Washington Preview: Meet the New Pups

Posted by Andrew Murawa on November 3rd, 2015

In the next three weeks leading up to season tipoff, the Pac-12 microsite will be evaluating each of the league’s 12 teams. Today, we head to Seattle.

Washington Huskies

I’ll be the first to admit that I’ve been a little too intimidated to start a preview on the Huskies until now. With eight newcomers and just three returnees on the roster, just about everything is going to be new in Seattle this season. Back in 2011-12, Washington won 14 league games en route to the Pac-12 regular season title yet still missed the NCAA Tournament. From there it has been all downhill: back-to-back 9-9 seasons were followed by last year’s 5-13 disaster. In other words, wiping the slate mostly clean and starting over may actually be the best thing head coach Lorenzo Romar can do to save his program.

Blowing It All Up And Starting Over May Have Been Lorenzo Romar's Best Bet (Elaine Thompson, AP)

Blowing It All Up And Starting Over May Have Been Lorenzo Romar’s Best Bet (Elaine Thompson, AP)

Strengths/Weaknesses. Previews typically break into two categories for strengths and weaknesses: one detailing what a program can lean on; one detailing what they need to shore up. In this case, the biggest thing going for Washington may also be its biggest weakness: this complete reboot. Last year’s team was plagued by poor chemistry, infighting and, perhaps worst of all, mediocre talent. In comes that group of eight newcomers to join two sophomores and a senior. If everything goes right, it can be an empowering experience for this new collection of players because there is a lot of talent here. They don’t enter a program where roles have been predetermined and a culture already established. This new group can create the foundation for a new era of Huskies’ hoops. It’s a gamble for sure, but success means setting the table for Romar’s second act in Seattle. If it fails? The show will be closing and Romar’s next role will be in a new theater.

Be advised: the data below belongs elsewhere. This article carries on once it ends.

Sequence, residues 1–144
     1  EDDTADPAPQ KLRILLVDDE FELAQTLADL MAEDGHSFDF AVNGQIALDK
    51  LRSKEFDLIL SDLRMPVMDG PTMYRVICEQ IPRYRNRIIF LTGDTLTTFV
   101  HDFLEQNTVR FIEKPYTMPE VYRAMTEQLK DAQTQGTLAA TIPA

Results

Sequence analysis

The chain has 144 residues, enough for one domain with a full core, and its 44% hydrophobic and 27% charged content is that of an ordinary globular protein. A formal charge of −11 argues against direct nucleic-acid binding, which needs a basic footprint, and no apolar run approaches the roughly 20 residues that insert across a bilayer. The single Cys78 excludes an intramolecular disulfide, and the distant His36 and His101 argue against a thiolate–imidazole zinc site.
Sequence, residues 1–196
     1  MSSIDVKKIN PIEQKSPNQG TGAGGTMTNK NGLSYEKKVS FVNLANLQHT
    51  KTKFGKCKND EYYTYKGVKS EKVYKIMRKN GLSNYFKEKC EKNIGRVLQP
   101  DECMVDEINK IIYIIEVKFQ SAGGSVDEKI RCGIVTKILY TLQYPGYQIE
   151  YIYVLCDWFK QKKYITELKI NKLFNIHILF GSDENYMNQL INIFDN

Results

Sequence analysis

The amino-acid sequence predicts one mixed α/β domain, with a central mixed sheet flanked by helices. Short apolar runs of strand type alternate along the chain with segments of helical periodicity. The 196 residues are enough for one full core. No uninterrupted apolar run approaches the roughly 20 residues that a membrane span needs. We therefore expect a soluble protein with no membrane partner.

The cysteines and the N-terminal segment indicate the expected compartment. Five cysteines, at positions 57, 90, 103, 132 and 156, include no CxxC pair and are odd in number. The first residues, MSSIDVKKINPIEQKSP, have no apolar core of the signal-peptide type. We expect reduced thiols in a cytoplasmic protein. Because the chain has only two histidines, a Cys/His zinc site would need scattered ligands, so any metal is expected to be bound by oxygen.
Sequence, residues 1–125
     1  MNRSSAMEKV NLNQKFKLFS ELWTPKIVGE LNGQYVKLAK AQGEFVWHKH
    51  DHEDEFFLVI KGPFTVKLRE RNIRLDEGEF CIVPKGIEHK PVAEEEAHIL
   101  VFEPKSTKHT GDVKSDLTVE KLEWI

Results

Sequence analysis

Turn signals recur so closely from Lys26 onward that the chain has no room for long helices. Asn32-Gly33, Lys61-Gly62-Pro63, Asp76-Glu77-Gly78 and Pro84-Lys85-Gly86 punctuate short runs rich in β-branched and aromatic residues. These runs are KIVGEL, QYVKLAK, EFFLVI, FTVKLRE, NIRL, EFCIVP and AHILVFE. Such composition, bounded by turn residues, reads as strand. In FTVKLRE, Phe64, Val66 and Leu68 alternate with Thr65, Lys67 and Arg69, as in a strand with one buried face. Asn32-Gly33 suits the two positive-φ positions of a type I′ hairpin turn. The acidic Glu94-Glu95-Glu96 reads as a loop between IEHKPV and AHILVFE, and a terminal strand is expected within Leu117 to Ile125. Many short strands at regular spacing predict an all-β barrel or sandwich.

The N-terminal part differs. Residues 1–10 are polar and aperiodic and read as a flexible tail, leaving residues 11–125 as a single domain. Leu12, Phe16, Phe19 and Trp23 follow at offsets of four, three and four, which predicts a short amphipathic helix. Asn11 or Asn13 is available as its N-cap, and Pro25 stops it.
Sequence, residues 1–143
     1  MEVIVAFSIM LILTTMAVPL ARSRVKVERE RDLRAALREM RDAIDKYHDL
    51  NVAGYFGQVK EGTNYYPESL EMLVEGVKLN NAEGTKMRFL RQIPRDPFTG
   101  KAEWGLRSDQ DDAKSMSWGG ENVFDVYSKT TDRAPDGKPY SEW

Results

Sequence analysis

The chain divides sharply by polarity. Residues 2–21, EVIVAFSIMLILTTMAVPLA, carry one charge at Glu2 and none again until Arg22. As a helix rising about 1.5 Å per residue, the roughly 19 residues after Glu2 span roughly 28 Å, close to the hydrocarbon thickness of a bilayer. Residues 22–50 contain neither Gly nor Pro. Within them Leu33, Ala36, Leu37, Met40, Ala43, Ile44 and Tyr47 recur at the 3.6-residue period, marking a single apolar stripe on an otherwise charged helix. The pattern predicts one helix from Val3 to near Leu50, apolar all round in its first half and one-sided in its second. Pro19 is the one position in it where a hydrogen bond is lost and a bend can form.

Biggest Story. If you watch a Washington game this season, your first goal is going to be figuring out who these guys are. If you’re a casual Pac-12 basketball fan, there’s a good chance you know who Andrew Andrews is. Heading into his fourth season with the Huskies, he’s averaged double figures the last two years, scoring 15.0 PPG last season. And he’s got something else big going for him this season — those two words that can be so magical in combination: “senior guard.” Beyond that, if you know much about Donaven Dorsey and Dan Kingma, you’re either a basketball junkie or a family member. Everybody else is new. The good news is there are four four-star freshman recruits: combo guard Dejounte Murray, wing Matisse Thybulle, and power forwards Noah Dickerson and Marquese Chriss. Back when the Huskies were a regular threat in the conference, they thrived with a collection of athletic and exciting playmakers who could get up and down the court and put your jaw on the floor with their abilities. Romar is pushing all-in with a rejuvenated roster made up of guys who are long, physical athletes. Can a harkening to the successful blueprints of years past jumpstart a program sorely lacking momentum?

Andrew Andrews May Be The One Familiar Face On The Huskies' Roster (AP Photo/Elaine Thompson)

Andrew Andrews May Be The One Familiar Face On The Huskies’ Roster (AP Photo/Elaine Thompson)

Non-Conference Tests. It’s a manageable non-conference schedule for the young pups. They won’t play a true road game until they head to Pullman on January 9 (really). There are four neutral site games. Everything else will be at the Hec Edmundson Pavilion, but that doesn’t mean there aren’t some serious tests. First, they kick off the season in China against Texas in the Pac’s first regular season game in Asia. Then, over Thanksgiving, they’ll transport their in-state rivalry with Gonzaga to the Bahamas, where they’ll be a significant underdog in the Battle 4 Atlantis; either Texas (again) or Texas A&M will await in their second of three games there. Aside from those neutral site games, the toughest visitor to Seattle may be TCU. You can expect the Huskies to slip up and lose a non-conference game to somebody they should have beaten (it seems like they always do), but most of this schedule is built to help the team gain confidence.